Jefferson Park residents unleashed their anger Thursday about a proposal to build a 100-unit mixed-income housing complex in the heart of their quiet residential neighborhood.

The Chicago Plan Commission approved only that portion of the project that includes a self-storage facility operated by Life Storage, which owns the property at 5150 N. Northwest Hwy.

The vote did not include a companion proposal to build a seven-story residential building — with 20 market-rate units and 80 set aside for low-income residents, including veterans and those with CHA vouchers.

But that didn’t stop area residents from showing up in force to unload on Ald. John Arena (45th), who has championed the housing project.

Arena has taken a political beating during overflow neighborhood hearings amid protests that his twice-vanquished aldermanic challenger, John Garrido, has helped orchestrate.

On Thursday, Arena took it on the chin again from a determined group of residents, many of whom took the day off from work knowing they would have to do it again when the Plan Commission votes on the housing part of the project.

They argued that the “oversized” building would change the character of their quiet residential neighborhood, strain their already overcrowded schools, reduce their property values and trigger an influx in crime.

“Ald. Arena has circumvented his own community zoning process. He’s repeatedly lied to the community and manipulated the system to eliminate community input on this development,” Garrido said.

Nobody dared to mention the issue of race. But the mere discussion of crime was viewed by some as a code word for race in the overwhelmingly white neighborhood that local residents consider a suburb within the city.

“What confuses me . . . is that people who claim to take pride in their community . . . are advocating to keep blight,” said Kathleen O’Brien, a disability rights advocate for Access Living who favors the project because it provides housing for people with disabilities near a transit center. “The only reason why I think that could be is because it has nothing to do with storage.”

Victoria Aviles, board member of the newly formed group that calls itself Northwest Side Unite, insisted that race has nothing to do with it.

“The alderman — with this development as well as the other three either already approved or going through — would bring 400 new units with high-density living into this neighborhood that is not that kind of neighborhood,” Aviles said.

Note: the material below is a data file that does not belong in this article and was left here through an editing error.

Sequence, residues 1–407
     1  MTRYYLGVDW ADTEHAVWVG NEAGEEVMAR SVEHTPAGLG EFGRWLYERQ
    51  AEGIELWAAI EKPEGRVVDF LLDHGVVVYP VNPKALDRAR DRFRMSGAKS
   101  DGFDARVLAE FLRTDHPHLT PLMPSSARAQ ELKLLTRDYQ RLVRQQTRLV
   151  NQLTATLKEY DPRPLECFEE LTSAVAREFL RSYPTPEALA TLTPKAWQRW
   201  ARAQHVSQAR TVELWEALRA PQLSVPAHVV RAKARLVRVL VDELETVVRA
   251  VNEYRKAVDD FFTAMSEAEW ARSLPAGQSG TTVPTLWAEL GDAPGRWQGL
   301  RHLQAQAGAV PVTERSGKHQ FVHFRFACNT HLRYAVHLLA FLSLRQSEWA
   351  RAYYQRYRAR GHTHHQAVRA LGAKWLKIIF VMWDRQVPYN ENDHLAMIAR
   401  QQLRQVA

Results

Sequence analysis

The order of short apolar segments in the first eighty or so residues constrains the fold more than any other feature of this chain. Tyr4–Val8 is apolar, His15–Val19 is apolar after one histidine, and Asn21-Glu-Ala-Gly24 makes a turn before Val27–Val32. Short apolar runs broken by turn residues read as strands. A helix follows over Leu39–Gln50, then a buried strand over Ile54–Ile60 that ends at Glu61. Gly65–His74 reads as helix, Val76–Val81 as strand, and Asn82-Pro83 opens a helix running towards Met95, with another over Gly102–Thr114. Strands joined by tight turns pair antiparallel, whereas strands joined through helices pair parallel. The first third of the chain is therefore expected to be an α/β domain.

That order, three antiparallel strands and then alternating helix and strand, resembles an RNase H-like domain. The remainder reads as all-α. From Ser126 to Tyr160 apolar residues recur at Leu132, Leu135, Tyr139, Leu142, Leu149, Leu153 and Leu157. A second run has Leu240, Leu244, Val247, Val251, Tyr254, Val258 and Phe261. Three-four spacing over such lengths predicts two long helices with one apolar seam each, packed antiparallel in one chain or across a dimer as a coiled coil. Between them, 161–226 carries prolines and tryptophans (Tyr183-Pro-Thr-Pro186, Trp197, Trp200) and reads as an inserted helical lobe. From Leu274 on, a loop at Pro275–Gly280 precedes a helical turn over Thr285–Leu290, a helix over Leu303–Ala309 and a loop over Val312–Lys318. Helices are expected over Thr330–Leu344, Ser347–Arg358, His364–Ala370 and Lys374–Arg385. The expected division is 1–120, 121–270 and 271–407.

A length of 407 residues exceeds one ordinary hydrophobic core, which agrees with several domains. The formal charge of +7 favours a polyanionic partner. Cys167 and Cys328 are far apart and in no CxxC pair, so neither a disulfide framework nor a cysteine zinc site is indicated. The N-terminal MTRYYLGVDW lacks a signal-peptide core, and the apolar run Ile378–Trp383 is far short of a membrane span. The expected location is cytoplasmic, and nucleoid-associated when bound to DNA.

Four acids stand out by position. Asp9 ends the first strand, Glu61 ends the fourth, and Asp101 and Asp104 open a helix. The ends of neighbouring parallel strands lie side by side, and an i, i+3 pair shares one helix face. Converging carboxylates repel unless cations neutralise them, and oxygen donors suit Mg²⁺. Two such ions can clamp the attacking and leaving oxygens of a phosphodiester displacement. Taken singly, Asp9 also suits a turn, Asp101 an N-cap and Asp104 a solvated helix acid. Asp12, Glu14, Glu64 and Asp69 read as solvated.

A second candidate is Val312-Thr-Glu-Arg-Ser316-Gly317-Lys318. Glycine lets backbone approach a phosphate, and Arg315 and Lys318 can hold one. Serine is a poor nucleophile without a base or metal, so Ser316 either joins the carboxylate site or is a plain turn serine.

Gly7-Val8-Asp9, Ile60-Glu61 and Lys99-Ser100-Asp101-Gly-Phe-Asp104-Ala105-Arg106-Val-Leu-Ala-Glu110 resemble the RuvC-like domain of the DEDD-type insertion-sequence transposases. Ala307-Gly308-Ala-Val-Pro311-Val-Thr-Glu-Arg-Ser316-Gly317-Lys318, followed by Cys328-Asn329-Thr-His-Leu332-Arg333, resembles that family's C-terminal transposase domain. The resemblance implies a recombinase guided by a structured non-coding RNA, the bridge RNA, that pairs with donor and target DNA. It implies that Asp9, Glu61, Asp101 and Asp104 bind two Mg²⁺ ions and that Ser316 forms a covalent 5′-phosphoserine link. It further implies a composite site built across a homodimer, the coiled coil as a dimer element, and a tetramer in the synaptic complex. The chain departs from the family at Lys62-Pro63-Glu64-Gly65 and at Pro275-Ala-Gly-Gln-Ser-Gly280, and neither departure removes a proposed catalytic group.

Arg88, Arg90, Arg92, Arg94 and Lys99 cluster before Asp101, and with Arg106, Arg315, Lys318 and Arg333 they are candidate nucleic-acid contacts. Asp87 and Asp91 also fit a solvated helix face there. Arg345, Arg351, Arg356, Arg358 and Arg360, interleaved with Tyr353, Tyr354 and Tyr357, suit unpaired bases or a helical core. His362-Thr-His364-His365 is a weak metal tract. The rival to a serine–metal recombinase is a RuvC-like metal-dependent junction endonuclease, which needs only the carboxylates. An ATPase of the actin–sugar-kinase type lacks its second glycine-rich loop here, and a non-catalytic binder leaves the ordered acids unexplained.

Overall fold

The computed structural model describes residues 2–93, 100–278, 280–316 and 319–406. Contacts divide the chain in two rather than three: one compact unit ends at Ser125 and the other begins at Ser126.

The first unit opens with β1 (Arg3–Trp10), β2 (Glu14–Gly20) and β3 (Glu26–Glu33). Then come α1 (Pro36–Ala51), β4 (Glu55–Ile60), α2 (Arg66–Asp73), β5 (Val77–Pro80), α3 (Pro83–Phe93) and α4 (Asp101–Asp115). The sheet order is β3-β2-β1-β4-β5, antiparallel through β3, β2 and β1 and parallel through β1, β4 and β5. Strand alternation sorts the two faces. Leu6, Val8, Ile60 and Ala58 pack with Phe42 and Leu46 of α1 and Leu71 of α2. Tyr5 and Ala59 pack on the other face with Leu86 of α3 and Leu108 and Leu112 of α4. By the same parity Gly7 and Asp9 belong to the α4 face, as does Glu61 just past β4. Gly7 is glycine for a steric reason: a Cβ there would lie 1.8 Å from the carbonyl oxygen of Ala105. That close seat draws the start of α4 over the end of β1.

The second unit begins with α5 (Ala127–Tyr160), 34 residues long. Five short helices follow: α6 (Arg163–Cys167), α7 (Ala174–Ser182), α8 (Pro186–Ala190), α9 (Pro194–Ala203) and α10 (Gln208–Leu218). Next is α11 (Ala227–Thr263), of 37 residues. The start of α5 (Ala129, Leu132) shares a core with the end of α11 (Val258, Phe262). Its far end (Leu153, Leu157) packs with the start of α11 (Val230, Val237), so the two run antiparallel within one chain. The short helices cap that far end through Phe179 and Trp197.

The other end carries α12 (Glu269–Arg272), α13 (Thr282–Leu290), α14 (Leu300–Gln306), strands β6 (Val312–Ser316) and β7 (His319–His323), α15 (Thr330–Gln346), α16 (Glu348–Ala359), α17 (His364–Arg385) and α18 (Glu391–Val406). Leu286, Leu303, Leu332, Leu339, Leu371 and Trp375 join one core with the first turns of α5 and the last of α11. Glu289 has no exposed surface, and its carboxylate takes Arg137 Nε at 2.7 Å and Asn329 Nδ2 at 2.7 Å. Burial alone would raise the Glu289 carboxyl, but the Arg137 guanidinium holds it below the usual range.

“Today we’re talking about the plan for a 75-foot storage facility, which is 7.5 stories equivalent on a residential site. We don’t have buildings like that in our neighborhood,” she said. “We don’t want buildings like that in our neighborhood. Same with the residential. 100 units in a 7.5 story building.”

Pressed to describe what she is afraid of, Aviles said, “Our schools are already woefully overcrowded. It’s not fair to the children in the neighborhood. It’s not fair to the children who will be coming to the neighborhood.”

Richard Gengler, who lives about 200 yards from the site, said the proposed building is “way too big” for the residential community. After weeks of canvassing, he argued that “over 80 percent” of residents within 400 feet of the property oppose the project. He argued that the community has been “cut out” of the process.

“I’m worried about congestion, overcrowding. Our schools are at 130 percent capacity. . . . Our police are undermanned. We’re a single-family type community. Our infrastructure is already overburdened. We can’t take buildings like that,” Gengler said.

When it was Arena’s turn to speak, he took the high road.

He simply argued that an underutilized block located between a “struggling auto-centric retail district to the north and a struggling mixed-use retail, residential and transit district to the south” could use the shot in the arm.

“This planned development balances the needs of the owners today while giving the community . . . the opportunity to leverage the city’s $25 million investment in the Jefferson Park transit center,” Arena told the Plan Commission.

After the vote, Arena was asked whether he believes opposition to the housing portion of the project was driven by race.

“Some people have made some assumptions about what housing — whether it’s here or in other areas — will bring to the community,” he said.

“Maybe it is for some people,” Arena added. “I can’t read individuals minds and I won’t try. All I can say is, their concerns about height are being heard. We are trying to mitigate that.”